Chances of Sino-India war 'very very little': NSA
The NSA also said all the nations in Western Pacific have an interest in keeping the sea lanes open and accessible to trade.
New Delhi: The chances of India and China going to a war are "very very little" as 8000 years of statecraft is good enough to take care of that problem, National Security Advisor (NSA) Shivshankar Menon said here on Monday.
"I think very very very little. I assume 8000 years of statecraft is good enough to take care of that problem," he said while replying to a question at a security conference organised by the ASPEN Institute here. Menon was asked what are the chances of India and China going to war in another 30 years.
Referring to the recently-started maritime security dialogue between India and China, Menon said this indicates the growing understanding between them.
Asked whether India is alarmed by Chinese naval power, Menon said "let me tell you, we started a maritime security dialogue with China last year. I think that is the answer."
The NSA also said all the nations in Western Pacific have an interest in keeping the sea lanes open and accessible to trade. "From Suez to Western Pacific, China, India and Japan, we all have an interest in contributing and making sure that the sea lanes remain open," he said.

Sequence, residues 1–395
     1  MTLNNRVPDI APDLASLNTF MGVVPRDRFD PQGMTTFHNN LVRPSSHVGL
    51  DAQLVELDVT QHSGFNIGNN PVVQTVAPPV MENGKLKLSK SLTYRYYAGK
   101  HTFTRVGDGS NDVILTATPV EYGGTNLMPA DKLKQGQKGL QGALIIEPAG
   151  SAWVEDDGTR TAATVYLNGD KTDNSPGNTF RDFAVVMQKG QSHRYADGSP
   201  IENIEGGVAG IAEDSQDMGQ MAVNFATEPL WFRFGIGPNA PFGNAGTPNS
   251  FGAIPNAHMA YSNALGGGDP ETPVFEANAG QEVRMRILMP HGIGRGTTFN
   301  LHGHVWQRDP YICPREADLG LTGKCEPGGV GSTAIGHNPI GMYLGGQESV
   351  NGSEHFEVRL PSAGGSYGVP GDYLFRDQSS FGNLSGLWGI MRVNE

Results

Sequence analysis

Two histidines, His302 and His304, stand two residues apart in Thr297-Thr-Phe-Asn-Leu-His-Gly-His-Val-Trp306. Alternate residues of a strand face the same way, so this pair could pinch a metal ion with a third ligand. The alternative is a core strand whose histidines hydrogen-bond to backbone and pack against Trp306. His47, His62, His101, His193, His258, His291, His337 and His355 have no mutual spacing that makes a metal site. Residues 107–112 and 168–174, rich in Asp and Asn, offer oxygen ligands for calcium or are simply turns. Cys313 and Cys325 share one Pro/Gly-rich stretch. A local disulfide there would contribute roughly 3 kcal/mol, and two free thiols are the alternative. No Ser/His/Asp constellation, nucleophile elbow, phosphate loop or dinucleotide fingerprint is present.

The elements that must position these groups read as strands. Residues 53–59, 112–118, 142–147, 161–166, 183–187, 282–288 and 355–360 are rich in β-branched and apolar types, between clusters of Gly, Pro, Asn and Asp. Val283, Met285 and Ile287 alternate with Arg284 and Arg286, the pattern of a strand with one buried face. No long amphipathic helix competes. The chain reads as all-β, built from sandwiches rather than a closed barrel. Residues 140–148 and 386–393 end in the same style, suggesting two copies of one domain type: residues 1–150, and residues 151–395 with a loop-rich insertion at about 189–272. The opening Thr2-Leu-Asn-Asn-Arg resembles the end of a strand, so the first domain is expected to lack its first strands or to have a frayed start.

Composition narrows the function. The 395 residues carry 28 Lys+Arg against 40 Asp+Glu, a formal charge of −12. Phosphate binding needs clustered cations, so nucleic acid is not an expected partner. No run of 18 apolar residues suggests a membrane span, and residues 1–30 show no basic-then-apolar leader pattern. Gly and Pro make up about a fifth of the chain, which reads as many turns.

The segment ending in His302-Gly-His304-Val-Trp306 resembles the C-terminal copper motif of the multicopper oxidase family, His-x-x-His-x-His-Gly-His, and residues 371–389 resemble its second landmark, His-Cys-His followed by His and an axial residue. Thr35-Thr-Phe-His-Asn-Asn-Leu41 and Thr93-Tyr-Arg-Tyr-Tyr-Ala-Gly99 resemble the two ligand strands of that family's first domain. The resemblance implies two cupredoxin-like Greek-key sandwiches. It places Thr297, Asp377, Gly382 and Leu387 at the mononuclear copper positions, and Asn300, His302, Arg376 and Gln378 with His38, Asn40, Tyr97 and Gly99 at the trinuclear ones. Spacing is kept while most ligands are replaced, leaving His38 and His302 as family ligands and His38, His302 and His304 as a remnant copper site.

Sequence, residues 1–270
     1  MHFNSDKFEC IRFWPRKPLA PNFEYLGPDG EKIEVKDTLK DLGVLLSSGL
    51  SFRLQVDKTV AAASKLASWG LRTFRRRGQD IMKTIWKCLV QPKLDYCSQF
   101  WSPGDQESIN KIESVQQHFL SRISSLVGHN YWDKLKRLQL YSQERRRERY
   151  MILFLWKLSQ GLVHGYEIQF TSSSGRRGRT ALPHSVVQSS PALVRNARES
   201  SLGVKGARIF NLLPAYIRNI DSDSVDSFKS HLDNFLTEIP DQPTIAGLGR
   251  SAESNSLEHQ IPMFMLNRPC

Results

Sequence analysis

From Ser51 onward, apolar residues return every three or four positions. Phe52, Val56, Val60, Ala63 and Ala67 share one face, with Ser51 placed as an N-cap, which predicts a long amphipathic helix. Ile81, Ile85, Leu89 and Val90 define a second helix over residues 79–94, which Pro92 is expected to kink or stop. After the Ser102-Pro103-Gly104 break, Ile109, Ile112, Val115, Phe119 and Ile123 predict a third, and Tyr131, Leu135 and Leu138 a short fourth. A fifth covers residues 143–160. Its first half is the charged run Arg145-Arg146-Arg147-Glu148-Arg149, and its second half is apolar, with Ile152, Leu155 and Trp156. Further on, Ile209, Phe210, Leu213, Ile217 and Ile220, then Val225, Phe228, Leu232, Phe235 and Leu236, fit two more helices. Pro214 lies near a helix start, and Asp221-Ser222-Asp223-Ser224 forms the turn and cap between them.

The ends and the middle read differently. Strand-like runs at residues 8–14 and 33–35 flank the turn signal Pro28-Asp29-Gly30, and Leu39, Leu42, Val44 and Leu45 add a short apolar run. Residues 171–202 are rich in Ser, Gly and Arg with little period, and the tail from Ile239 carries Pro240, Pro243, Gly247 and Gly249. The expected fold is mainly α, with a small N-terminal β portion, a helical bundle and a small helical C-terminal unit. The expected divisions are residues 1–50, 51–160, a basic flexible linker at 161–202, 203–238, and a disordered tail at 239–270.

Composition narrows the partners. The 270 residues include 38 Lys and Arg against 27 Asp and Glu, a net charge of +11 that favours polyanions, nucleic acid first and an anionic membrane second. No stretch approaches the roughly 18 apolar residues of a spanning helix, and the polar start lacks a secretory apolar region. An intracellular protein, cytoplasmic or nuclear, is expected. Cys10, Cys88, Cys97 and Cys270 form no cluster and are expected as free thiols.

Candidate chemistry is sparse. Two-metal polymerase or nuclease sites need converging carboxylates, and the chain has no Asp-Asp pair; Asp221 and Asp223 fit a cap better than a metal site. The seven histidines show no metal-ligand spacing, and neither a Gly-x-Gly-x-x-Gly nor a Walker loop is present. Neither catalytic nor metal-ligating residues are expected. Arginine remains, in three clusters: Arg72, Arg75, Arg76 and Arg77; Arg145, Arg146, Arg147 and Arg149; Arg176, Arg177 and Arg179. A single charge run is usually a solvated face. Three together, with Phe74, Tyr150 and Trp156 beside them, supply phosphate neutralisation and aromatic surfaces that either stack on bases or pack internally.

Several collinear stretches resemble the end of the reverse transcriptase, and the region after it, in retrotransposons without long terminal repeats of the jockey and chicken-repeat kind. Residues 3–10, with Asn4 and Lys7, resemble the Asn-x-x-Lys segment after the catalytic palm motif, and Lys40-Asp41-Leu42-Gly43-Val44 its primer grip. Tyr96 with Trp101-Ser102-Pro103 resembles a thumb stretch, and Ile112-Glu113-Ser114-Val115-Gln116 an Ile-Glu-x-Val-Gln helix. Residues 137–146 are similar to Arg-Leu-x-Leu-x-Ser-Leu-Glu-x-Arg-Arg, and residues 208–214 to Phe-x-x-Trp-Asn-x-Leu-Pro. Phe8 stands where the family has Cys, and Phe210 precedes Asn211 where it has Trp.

Addressing the gathering on the issue of growing concerns over security, he said all the nations are faced with the challenge of growing security expectations but declining ability to meet them.
"We are in the age of heightened expectations... Previous generation took the security for granted. Today, we even expect government to fix weather... You have rising expectations and much broader definition of security (but) the ability of traditional provider of security i.e. state, to meet this is declining," he said.
Menon underlined that even climate change is now considered as an important aspect of international peace and security.
"A few years ago, a resolution was introduced (in the UN) saying that climate change is the threat to international peace and security. It is and it will change our security calculus. But whether the Security Council could do anything about it, I have my doubts," he said.
He advocated new partnerships between nations and governments to address the rising concerns of security. "I think the only way of answering this and ensuring this is finding new partnerships between countries, between governments and businesses and civil societies, otherwise there is no way we are going to be able to meet these challenges," Menon said.
He exhorted emerging economies to take lead in the process. "To my mind the emerging economies need to take the lead in this because they are potentially the most affected by a resource constraint," he said.
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